Herman Cain Suspends Bid for GOP Presidential Nomination
file photo; Win McNamee/Getty Images
Herman Cain announced Saturday he was suspending his bid for the Republican presidential nomination, citing the “painful price” sexual harassment and extramarital affair allegations have had on his family.
“With a lot of prayer and soul searching, I am suspending my presidential campaign,” Cain told a crowd outside his campaign headquarters in Atlanta. “I am suspending my presidential campaign because of the continued distraction, the continued hurt caused on me and my family, not because we are not fighters, not because I’m not a fighter.”
With typical Cain bravado, the former Godfather’s Pizza chief executive declared he would continue to have a voice in the political conversation going forward.
“The pundits would like for me to shut up, drop out and go away,” Cain said. “I am not going to be silenced and I am not going away.”
Earlier this week Cain told his staff that he would reassess his campaign after a Georgia woman, Ginger White, said the two had engaged in a 13-year extramarital affair.
Cain has denied the allegations, insisting he and White were only friends. The businessman acknowledged giving White financial assistance without telling his wife.
The move to suspend his presidential bid effectively brings to a close an unconventional campaign that stunned much of the political establishment. Cain catapulted to the top of the GOP field in October, based in large part on businessman’s personal appeal and his catchy 9-9-9 economic plan, a policy he touted frequently during presidential debates and on the stump.
Within weeks, however, Cain’s campaign began to unravel. In late October, Politico reported that at least two women had accused Cain of inappropriate sexual behavior during his time as head of the National Restaurant Association in the 1990s.
Then, in early November, a Chicago-area woman, Sharon Bialek, publicly accused Cain of making unwanted sexual advances toward her following a business dinner 14 years ago.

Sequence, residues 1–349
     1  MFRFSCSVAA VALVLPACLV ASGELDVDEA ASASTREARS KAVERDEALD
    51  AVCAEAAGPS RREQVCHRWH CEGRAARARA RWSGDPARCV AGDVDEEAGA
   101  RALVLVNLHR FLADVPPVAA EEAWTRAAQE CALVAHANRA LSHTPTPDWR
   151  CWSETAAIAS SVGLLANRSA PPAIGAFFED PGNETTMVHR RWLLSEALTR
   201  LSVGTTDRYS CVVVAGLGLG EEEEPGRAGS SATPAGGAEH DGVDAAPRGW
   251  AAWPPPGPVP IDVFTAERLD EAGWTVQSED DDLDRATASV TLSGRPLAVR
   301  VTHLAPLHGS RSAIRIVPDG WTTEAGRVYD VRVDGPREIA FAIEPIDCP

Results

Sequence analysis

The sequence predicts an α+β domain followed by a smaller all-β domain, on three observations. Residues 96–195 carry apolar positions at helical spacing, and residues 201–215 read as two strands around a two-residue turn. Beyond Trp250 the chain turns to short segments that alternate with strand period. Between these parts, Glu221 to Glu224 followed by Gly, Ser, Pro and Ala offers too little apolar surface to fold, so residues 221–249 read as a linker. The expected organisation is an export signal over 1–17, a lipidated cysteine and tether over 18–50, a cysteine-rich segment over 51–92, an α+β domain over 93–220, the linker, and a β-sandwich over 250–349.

Cain’s mishandling of the harassment accusations and other missteps on the trail — the most notable being his tortured response on his approach to Libya in an interview with the Milwaukee Journal Sentinel — combined to form a narrative that the businessman was not ready for the glare of the national campaign spotlight.
A Quinnipiac poll released in late October had Cain leading the Republican field with 30 percent, but less than a month later, the same survey found that Cain’s support had declined to 14 percent, although that still placed him third behind former House speaker Newt Gingrich and former Massachusetts Gov. Mitt Romney.
A new Iowa poll set for release Saturday by The Des Moines Register found that Cain’s support among Republican caucus-goers had collapsed from 23 percent in October to just 8 percent now.
Both front-runners will likely try to appeal to Cain backers — Gingrich to the more conservative Tea Party supporters and Romney to those who were drawn to Cain’s business background. Others GOP contenders, such as Texas Gov. Rick Perry and Minnesota Rep. Michele Bachmann, will look to fill the void left by Cain as the Romney alternative, should Gingrich stumble between now and the Iowa caucuses.
Cain said Saturday that he planned to make an endorsement at some point, but pledged it would “not be the current occupant of the White House.”